FWIW I’m ex-Army and have used the M-16 extensively.

    • Cap, let me come in from the other side,

      Here are the ways I identify the AR-15 as being a better design than the AR-18. Note that I am not making an overall assessment of the two designs (I like both), but that I think these positive aspects of the AR-15 versus the AR-18 may be easily overlooked:

      1. The AR-15 does not waste mass by using a reciprocating short-stroke piston. Short-stroke pistons have some advantages, but they utilize the mass of the piston inefficiently, as it is not available for feeding and locking. This means that, even if slightly, a DI design will be lighter than an equivalent “classic” short-stroke piston design.

      2. The AR-15’s forged aluminum construction is quicker to make, and more durable than stamped steel, while being at least as light.

      3. The AR-15 has a modular moving mass, which has led to it proving extremely adaptable and versatile.

      4. The AR-15’s mainspring is much closer to the axis of force during feeding than the AR-18’s, reducing friction during critical parts of the cycle.

      5. My gut feeling is that the amount of stamping and welding precision needed for the AR-18 is undesirable, and will lead to a higher part rejection rate and possibly a higher overall malfunction rate in accepted firearms than the simpler forging method of making AR-15 receivers. I don’t have any data backing this up, though. It’s not unreasonable for me to think this, however, given that the AR-18 was designed for easy license “production” (really assembly) over all else.

      6. The dual welded guide rod design of the AR-18 I think has proven problematic. The British had problems with it in the L85 program (granted, not only did they make it worse by adding a third guide rod which also had to be parallel, but they had problems doing just about everything in that program, including make barrels), and almost every successful AR-18 derivative has dispensed with it, in favor of a single guide rod that isn’t welded to the retaining plate. The AR-15’s carrier guide system, in comparison, is almost foolproof.

      7. I don’t have the exact numbers on hand, but I am fairly sure the AR-18 has an inferior mass ratio versus the AR-15. A modern rifle should have a mass ratio of about 5 to 1.

      I hope this was helpful; feel free to respond!

      • John

        Anyone whose ever had their AR-15 bolt stuck inside the buffer tube would disagree with your foolproof assessment.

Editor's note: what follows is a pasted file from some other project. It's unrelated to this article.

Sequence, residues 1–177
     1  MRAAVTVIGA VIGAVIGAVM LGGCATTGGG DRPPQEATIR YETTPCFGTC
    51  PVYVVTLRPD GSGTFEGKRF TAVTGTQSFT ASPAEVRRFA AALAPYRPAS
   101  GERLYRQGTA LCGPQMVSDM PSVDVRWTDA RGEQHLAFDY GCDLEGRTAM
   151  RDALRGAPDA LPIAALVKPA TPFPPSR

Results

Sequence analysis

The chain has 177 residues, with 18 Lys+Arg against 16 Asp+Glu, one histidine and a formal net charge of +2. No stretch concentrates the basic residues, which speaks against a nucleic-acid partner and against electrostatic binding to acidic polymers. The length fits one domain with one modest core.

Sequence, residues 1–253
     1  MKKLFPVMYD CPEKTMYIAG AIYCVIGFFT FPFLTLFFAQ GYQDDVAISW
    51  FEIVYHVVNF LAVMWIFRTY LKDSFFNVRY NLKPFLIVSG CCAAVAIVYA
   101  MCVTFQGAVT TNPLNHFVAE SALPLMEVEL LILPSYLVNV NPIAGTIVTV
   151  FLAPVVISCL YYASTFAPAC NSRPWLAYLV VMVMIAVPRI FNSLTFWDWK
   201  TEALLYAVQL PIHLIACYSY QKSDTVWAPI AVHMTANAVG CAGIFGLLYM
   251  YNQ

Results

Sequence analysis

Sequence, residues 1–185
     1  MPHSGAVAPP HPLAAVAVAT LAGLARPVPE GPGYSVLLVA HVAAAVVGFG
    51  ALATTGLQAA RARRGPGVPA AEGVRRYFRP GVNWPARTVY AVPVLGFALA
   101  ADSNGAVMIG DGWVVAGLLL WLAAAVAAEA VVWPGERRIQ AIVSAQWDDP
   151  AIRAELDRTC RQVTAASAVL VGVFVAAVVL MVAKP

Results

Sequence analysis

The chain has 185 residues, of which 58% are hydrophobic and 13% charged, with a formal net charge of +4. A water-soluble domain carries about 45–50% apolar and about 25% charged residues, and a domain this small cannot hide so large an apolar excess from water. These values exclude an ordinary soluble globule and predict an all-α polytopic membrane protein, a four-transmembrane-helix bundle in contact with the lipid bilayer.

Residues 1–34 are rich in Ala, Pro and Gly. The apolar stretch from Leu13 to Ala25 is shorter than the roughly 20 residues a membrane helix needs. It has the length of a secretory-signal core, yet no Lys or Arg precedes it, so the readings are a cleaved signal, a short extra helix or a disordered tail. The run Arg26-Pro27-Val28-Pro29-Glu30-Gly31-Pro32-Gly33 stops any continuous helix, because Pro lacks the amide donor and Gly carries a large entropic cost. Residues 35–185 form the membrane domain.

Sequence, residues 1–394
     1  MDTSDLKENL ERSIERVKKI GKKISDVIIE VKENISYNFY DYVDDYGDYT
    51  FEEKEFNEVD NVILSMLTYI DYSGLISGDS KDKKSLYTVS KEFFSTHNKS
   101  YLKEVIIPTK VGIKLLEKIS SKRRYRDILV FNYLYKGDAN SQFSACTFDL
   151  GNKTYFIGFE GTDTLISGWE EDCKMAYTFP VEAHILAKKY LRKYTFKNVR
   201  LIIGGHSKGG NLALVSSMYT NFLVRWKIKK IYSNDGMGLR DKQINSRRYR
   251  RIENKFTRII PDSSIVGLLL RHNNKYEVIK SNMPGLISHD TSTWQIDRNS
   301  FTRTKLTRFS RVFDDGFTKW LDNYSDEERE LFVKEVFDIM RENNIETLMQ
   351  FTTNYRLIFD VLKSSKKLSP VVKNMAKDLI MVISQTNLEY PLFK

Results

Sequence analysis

• “Almost” being the key word. Bad manufacturers can screw up anything.

          The guide rods on the AR-18 are downright tricky to get right.

      • Esh325

        That’s all very ridiculous if you ask me. Machining a reciever is quicker than stamped sheet metal? The whole point of stamped receivers is that they are quicker and cheaper to fabricate than machined receivers. Not as durable? Prove it. I haven’t heard of any issues with stamped metal recievers considering one of the most durable firearms in the world the ak is stamped. The only thing i think you said that made any sense was that the ar15 is more modular only because it’s been around longer and more developed.

        • The AR-15 uses a forged receiver, not a machined receiver.

          Ask any owner of the AR-18 about the stock latch, if you want to hear about durability.

          It took ten years of debugging by one of the most experienced nations at firearms stamping to get the AK’s stamping to where it is now, so the AK probably rises to a level above other stamped guns.

          I didn’t say the AR-15 is more modular, I said it had a modular moving mass. That’s important for keeping the design competitive, and reliable in multiple configurations.

          Mass ratio is explained in the hyperlink.

          • Esh325

            A forging which is machined no matter how you spin it. The Germans perfected stamping from early on. The notion that stamped receivers are in some way not durable is false. And there isn’t any evidence I’ve read that durability of the stamped reciever was a problem on the ar18. Modular moving mass?

          • My take on this is that you simply can not compare what is basically a prototype gun (AR-18) to another that has had 50+ years of testing and design improvements (M-16). You must also take in to consideration what the manufacturing infrastructure was in the early 60’s. Was it cheaper, when production scaled, to forge and machine each unit or machine the stamping dies once and then punch out the parts? Machine tools were manual and run by highly skilled and highly paid people. Stamping parts on a punch press could be taught to almost anyone in a few hours time.

            The appropriate comparison in my mind is the AR-18 to the Prototype AR-15 that the government tested before it’s adoption. Or a modern comparison would be the M4 to the MagPul Masada/Bushmaster ACR. That is the modern version of the AR-18 in my opinion.

          • Esh325

            You have a point. Would it be cheaper today to mass produce an ar18 versus ar15? If I coukd warrent a guess I would say yes. I think the reason most rifles today don’t have stamped parts anymore is because the climate of the world has changed. There’s no chance of an all out war scenario like there was in the Cold War where you needed to have designs that could be pumped out while bombs were exploding outside the factory. I suppose the howa rifle the japs use is quite close to the ar18